South Korea launches home-made Nuri missile carrying satellites into orbit

The three-stage rocket, which is more than 47 meters (154 feet) long and weighs 200 tons, was launched from the Naro Space Center in the country’s southern coastal region at 4 p.m. local time.

It was topped by five satellites that will carry out Earth observation missions, such as atmospheric monitoring, for up to two years, as well as a 1.3-ton pseudo-satellite, according to the country’s science ministry.

“The path from South Korea to space has now been opened,” President Yoon Seok-yeol said after the launch. “It is the fruit of the difficult challenges of the past 30 years. Now, the dream and hope of our Korean people and youth will reach space.”

Ahead of Tuesday’s South Korea mission, only Russia, the United States, the European Union, China, Japan and India had developed a space launch vehicle capable of carrying a satellite weighing more than 1 ton, according to the Korea Aerospace Research Institute (KARI). ).

South Korea first attempted to launch a dummy satellite with a Nouri missile last October. The attempt failed when the rocket’s third-stage engine stalled and the dummy satellite failed to reach low Earth orbit.

booming aerospace industry

South Korea struggled to keep up with its Asian neighbors in space race.

The first two carrier rocket launches in 2009 and 2010 used Russian-made engines, And both failed to reach orbit. In 2013, South Korea finally succeeded in sending a carrier rocket into low Earth orbit – but this was also developed using Russian technology.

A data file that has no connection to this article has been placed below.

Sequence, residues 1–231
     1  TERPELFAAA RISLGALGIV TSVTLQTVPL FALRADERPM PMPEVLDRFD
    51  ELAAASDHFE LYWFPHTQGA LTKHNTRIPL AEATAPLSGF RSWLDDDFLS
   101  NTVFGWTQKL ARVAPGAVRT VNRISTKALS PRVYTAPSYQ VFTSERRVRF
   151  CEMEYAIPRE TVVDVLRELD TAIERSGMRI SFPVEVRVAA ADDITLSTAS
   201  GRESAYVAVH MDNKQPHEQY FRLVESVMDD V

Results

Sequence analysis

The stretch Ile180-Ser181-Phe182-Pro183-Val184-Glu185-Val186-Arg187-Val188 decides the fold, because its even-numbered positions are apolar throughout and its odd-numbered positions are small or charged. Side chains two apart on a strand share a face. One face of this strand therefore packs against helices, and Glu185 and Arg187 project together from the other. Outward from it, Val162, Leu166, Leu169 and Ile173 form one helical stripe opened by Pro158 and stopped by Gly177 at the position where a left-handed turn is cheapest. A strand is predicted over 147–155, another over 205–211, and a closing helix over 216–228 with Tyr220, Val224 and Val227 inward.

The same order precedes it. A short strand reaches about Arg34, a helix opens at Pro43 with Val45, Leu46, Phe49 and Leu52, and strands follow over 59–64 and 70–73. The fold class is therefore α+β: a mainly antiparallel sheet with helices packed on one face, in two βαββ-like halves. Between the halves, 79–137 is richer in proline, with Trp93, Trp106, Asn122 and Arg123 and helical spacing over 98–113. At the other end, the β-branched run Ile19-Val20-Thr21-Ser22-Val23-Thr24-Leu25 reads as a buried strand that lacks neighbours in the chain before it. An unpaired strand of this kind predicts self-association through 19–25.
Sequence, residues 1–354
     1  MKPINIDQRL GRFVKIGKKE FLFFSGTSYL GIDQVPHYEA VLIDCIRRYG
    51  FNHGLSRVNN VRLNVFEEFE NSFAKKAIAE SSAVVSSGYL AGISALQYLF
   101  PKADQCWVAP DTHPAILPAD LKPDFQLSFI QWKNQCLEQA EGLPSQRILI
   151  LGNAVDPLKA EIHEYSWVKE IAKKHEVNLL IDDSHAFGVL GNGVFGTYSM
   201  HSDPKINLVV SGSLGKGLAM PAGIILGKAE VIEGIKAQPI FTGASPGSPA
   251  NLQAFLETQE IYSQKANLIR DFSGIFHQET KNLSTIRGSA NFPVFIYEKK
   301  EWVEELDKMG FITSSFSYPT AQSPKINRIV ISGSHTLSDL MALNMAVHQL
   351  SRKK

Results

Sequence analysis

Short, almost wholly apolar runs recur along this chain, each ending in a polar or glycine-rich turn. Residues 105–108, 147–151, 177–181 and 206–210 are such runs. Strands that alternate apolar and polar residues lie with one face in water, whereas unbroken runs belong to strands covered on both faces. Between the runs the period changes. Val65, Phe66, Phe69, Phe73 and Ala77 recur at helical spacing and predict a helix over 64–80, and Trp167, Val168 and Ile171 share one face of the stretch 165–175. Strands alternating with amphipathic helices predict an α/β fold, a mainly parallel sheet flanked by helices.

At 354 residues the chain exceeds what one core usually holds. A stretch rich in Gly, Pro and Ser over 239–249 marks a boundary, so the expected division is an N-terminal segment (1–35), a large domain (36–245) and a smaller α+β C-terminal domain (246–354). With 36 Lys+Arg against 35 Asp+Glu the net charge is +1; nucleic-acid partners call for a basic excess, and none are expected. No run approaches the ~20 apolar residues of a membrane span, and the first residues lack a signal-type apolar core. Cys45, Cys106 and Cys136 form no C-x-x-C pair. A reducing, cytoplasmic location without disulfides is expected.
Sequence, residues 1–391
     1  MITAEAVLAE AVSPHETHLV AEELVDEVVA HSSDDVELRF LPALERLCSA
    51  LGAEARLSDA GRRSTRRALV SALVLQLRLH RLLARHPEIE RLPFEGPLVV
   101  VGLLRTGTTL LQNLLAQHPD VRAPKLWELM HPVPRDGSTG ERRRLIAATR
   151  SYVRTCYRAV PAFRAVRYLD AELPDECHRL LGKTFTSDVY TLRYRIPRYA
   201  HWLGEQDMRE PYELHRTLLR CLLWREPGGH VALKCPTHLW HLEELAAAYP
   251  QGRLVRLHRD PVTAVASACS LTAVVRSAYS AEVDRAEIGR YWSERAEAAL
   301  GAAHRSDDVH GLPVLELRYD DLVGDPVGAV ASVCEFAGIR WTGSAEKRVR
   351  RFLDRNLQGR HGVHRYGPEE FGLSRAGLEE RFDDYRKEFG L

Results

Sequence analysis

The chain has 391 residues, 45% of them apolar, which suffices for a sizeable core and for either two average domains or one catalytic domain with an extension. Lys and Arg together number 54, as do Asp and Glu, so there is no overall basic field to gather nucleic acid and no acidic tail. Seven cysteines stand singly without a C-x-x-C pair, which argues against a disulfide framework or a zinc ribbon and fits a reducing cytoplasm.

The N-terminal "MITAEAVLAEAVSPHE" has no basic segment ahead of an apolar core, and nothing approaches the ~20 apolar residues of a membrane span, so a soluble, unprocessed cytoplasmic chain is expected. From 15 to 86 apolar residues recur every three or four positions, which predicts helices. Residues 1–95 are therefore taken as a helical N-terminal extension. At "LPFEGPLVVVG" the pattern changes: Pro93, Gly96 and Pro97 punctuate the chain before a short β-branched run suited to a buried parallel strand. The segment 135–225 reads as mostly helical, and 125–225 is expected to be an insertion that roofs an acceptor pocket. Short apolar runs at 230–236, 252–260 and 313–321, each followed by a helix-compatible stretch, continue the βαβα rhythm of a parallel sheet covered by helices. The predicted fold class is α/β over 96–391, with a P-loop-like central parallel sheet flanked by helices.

Since 2010, South Korea has invested nearly KRW 2 trillion (about $1.5 billion) in building three phases of nori – which means “world” in Korean. Nuri is the country’s first rocket to use its own technology, opening the door to a host of satellites and future missions.

The Carey Institute reported that 300 South Korean companies were involved in developing the missile.

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Earlier, Cary Institute chief Ahn Sang-il said the missile’s success would allow South Korea to become more independent in its space programme.

“In the past, cube-shaped satellites were launched using rockets in other countries, but from this launch, we will have the opportunity to load cube-shaped satellites onto a rocket also made in Korea,” he said at a press briefing in April. “We can launch our satellites according to our needs and at our convenient time from this launch.”

After the failed attempt last year, President Moon Jae-in said South Korea plans to launch the missile five more times by 2027.

The country has other space projects in the works: the first lunar orbiter, developed in partnership with NASA, is expected to launch in August next year. It will orbit the Moon for about a year, marking the first South Korean mission to travel outside Earth’s orbit.

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